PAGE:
Archive for the ‘Tools/Equipment’ Category

Review: Digital Color Correction – The Final Cut Studio Workflow with Apple’s ColorTraining DVD

Thursday, February 28th, 2008

Digital Color Correction:The Final Cut Studio Workflow with Apple’s Color
Call Box
$75

Digital Color Correction:The Final Cut Studio Workflow with Apple’s Color stars Stuart Ferreyra and Noah Kadner (host of other Call Box videos) discussing Apple Color. The tutorial is really aimed at absolute beginners to Color and color grading. Being a beginner myself, that was exciting.

Ferreyra is an expert. Kadner, admittedly new to Color, represents a pro and indie (even low budget) philosophy. Kadner asks questions to Ferreya as Ferreya moves throgh the app. Kadner’s backwards ballcap sensibility brings a welcome looseness to the proceedings.

This isn’t is a step-by-step tutorial. As is repeated a few times, the DVD is not meant to take the place of the manual. And, significantly, there are no project files. This is a DVD (not a DVD-rom) that you simply watch.

As I watched it, I had Color open, but I didn’t really find myself following along in the application. Instead, billed as an “insider’s look”, it’s like sitting down with a friend and watching over his shoulder as he works. Sometimes that’s a great way to learn; other times you feel like you want the friend to move over and let you push the buttons. If the disc had gone a little further in having Ferreya discuss the artistry of being a colorist — what he looks for in an image and how he has learned to adjust it — this DVD could have been a home run. But I did benefit from hearing Ferreya discuss his craft and it does better than the other DVDs I’ll be reviewing in terms of discussing the actual art of grading.

In sum I enjoyed the disc, but I didn’t think it carried as much value as the other two Call Box discs I’ve seen, 24P Digital Post Production with Final Cut Pro and the DVX100 and Digital Color Correction:Panasonic P2 Workflow with Final Cut Pro and the HVX200. The latter, in fact, is a truly superb introduction for to the HVX and I recommend it to anyone new that camera and its unique workflow.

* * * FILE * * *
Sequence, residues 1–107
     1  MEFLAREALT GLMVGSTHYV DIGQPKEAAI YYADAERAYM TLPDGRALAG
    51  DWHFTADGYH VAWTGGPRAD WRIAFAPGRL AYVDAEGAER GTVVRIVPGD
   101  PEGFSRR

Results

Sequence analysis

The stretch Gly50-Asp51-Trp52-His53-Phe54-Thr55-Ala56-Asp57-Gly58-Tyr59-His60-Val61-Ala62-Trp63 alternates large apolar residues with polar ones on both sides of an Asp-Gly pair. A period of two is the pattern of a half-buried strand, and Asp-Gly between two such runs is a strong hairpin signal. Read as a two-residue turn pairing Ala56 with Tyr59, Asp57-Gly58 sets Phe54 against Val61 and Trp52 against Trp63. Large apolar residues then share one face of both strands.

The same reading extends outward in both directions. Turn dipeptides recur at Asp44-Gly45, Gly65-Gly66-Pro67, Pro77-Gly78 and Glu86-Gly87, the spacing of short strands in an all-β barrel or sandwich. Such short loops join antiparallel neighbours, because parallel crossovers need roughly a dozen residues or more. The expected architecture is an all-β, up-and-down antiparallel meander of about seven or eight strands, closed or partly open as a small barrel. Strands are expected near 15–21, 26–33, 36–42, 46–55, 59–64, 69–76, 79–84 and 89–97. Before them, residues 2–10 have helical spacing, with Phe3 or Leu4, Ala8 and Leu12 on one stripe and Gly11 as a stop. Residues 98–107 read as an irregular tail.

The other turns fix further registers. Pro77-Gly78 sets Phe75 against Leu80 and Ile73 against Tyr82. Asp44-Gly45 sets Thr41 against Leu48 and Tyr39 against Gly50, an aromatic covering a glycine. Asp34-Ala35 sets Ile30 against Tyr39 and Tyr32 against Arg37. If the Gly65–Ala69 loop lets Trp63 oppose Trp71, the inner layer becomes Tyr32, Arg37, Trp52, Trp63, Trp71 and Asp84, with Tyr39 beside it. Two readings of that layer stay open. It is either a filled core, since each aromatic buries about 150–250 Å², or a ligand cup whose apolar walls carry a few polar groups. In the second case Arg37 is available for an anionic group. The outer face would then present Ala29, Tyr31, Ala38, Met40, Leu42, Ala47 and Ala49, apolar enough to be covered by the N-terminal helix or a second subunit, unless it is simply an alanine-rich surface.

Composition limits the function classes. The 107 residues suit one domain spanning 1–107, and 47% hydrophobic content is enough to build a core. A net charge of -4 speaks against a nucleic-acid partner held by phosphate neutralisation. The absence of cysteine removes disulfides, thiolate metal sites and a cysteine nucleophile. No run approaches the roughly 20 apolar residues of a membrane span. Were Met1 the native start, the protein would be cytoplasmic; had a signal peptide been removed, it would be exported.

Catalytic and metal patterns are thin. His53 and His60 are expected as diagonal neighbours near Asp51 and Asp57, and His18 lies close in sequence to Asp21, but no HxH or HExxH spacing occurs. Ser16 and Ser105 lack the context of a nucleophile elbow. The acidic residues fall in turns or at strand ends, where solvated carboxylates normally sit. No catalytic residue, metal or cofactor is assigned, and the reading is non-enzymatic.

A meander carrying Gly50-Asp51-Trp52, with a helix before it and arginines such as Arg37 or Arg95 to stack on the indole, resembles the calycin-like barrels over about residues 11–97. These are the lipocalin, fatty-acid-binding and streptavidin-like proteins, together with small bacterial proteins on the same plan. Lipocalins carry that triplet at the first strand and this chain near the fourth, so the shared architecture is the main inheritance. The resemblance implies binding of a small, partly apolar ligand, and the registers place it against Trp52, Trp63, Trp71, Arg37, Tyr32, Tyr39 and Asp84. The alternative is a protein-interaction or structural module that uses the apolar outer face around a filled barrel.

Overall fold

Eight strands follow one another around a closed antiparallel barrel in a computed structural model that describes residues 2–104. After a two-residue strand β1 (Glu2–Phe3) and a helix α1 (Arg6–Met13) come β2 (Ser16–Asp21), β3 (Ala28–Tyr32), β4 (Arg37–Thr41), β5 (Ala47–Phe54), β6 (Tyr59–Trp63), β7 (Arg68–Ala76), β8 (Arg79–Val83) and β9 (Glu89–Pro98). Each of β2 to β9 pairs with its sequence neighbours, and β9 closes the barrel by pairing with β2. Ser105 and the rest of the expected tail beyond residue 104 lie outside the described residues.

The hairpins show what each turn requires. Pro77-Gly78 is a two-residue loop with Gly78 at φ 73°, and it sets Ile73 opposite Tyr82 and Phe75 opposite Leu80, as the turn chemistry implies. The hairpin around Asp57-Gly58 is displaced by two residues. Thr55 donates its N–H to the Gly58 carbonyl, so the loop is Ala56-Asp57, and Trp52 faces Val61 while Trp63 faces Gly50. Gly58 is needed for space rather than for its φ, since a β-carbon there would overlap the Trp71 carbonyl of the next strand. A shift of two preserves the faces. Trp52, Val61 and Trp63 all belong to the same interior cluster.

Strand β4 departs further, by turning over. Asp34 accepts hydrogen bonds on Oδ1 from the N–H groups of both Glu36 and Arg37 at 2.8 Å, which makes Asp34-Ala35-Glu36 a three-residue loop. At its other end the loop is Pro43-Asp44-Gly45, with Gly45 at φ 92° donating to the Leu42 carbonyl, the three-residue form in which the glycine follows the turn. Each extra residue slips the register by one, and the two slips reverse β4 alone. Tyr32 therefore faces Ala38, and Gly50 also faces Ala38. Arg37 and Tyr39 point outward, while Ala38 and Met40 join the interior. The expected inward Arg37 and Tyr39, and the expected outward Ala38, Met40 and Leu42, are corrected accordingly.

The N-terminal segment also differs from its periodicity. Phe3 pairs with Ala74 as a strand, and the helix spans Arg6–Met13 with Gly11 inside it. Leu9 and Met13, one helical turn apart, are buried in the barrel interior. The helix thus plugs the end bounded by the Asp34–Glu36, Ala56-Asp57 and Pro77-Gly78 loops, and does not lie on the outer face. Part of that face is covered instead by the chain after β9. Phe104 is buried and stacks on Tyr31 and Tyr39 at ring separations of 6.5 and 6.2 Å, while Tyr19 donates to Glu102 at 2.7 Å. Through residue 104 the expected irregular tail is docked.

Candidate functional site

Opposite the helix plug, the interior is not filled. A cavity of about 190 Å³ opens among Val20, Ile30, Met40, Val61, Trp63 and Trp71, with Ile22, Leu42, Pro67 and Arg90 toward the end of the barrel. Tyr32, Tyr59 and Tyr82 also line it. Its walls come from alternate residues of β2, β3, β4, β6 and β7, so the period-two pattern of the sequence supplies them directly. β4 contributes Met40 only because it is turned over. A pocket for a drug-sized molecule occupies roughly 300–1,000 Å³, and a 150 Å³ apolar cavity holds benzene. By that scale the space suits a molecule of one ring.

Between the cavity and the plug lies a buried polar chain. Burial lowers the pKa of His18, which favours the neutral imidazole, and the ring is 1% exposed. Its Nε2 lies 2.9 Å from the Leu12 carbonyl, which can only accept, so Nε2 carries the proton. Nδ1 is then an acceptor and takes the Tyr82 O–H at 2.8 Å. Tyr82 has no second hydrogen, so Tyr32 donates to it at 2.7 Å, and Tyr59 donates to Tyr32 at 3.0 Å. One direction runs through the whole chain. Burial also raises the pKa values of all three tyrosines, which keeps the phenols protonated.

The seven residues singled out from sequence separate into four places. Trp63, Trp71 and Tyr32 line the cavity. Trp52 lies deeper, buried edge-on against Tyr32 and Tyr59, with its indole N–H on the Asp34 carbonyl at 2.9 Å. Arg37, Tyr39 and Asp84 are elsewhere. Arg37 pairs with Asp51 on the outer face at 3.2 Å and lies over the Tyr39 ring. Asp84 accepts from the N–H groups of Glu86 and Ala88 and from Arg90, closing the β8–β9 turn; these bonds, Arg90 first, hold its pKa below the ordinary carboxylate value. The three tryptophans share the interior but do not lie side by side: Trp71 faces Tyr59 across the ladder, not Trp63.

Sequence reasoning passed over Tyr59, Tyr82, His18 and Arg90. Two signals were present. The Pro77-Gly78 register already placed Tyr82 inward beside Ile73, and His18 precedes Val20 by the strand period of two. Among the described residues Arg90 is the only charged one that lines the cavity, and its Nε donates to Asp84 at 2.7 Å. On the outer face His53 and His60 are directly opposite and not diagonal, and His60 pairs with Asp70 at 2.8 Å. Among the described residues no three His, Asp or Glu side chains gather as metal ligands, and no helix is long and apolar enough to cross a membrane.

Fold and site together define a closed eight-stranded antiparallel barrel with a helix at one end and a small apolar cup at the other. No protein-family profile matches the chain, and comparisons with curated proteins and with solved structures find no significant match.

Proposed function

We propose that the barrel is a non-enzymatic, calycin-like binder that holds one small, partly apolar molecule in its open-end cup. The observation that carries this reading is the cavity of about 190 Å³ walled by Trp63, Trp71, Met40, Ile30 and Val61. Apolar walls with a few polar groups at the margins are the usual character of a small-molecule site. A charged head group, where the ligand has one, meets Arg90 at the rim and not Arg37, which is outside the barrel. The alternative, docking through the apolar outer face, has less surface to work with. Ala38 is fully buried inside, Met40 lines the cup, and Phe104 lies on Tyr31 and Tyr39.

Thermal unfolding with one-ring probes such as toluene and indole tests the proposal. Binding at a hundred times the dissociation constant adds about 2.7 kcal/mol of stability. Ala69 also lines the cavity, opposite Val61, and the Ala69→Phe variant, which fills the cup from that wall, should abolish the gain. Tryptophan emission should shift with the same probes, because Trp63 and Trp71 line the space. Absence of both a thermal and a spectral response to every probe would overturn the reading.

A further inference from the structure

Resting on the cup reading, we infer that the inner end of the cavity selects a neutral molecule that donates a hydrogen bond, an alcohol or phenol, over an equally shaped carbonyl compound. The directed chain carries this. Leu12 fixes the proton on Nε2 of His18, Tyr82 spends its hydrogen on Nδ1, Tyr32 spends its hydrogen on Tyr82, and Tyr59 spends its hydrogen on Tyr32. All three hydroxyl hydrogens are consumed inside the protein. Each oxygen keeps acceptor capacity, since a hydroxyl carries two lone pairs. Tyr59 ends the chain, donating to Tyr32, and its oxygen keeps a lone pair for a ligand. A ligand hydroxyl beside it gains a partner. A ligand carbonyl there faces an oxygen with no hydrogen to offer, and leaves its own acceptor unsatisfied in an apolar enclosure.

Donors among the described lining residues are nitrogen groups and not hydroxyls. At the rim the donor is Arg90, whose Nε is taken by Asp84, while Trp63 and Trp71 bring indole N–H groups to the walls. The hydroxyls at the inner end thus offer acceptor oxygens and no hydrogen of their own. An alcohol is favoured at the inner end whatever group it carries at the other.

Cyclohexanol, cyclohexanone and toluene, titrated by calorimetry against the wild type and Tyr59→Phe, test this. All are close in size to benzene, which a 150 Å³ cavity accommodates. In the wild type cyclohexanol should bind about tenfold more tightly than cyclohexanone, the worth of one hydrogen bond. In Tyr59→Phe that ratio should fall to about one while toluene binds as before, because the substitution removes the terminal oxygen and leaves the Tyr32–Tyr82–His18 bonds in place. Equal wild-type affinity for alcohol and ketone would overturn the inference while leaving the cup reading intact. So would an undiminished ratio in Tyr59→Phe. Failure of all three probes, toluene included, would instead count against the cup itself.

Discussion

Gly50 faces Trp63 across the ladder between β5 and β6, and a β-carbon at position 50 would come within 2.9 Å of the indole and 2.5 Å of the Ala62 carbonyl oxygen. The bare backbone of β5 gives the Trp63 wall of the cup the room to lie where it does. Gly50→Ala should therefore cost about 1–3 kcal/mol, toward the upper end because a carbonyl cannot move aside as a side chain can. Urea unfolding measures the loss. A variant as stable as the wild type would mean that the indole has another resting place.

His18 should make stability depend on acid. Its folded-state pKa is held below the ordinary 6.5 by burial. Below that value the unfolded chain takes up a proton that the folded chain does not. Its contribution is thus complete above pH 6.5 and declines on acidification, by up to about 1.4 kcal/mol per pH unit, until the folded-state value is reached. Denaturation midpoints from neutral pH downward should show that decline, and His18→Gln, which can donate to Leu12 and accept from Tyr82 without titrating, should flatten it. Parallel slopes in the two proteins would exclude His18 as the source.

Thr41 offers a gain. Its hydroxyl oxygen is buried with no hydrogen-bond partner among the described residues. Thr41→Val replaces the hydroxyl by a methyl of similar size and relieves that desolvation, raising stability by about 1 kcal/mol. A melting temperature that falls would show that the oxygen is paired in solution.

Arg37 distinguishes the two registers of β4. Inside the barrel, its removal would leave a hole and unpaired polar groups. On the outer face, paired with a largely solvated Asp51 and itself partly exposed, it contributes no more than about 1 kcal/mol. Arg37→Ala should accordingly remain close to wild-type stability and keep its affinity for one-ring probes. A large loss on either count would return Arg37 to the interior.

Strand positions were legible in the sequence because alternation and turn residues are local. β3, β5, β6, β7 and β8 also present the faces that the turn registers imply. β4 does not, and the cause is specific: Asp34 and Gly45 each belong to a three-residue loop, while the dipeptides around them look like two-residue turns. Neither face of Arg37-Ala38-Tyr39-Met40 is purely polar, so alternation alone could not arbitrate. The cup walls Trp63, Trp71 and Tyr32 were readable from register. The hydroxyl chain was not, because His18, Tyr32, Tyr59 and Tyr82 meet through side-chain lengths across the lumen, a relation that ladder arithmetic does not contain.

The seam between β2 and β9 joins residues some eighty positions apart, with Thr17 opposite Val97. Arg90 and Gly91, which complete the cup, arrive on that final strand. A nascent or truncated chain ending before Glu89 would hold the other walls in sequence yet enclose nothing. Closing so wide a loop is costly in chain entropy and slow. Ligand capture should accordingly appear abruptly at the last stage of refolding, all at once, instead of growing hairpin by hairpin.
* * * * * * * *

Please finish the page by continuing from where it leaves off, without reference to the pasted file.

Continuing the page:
Working with Apple Color

Monday, February 25th, 2008

As I began the process (still ongoing) of delivering my new film, Quick Feet, Soft Hands I started weighing whether or not to try to do the final color grading in Apple’s Color. Certainly, in the spirit of self-reliance, it made sense to go this route. On the other hand, I have a lot of respect for the artistry that a colorist can bring to a project. When the quotes I was getting from some of the post-houses I was considering turned out to be far higher than what little I had remaining in my budget, I decided to spend some time learning Color. If I couldn’t get the job done myself, I figured I could always raise some money and plunk down the money for a grading session with a pro.

Color, though, is not nearly as intuitive app like Apple’s other studio applications. (Color began as Silicon Color’s FinalTouch application, and this is probably the reason it lacks the signature intuitiveness of Apple software.) On top of that, most people haven’t had color theory in the way that they’ve had experience editing picture. At least, I certainly hadn’t. So, for me, this was — at least initially — as complicated and intimidating as jumping into nonlinear editing after using a Steenbeck.

So, where to start?

What Equipment You Need to Start Working in Color:

Aside from working on computers that meet Apple specs, I found that you want to do work in Color on the largest monitor(s) that you have available. You may find that you even want to purchase a new monitor.

I began by working on a Dual 1.8 G5 with two 15″ 4:3 monitors set up at 1024×768 and I soon discovered that it was literally impossible to use only one of these monitors in Color’s single monitor mode. Even when using two monitors, reading the text in the menus was not easy. So, you need a big monitor — I’d even take one large monitor over two small ones (and I rarely say that). In the end, I did most of my work on a MacPro with two Apple 23″ monitors with an external Broadcast HD monitor, which I have access to at Virginia Tech. If I hadn’t had access to this computer my G5 at home would have worked, but it would have been slow on renders and playback. And upgrading my monitors would have been a must.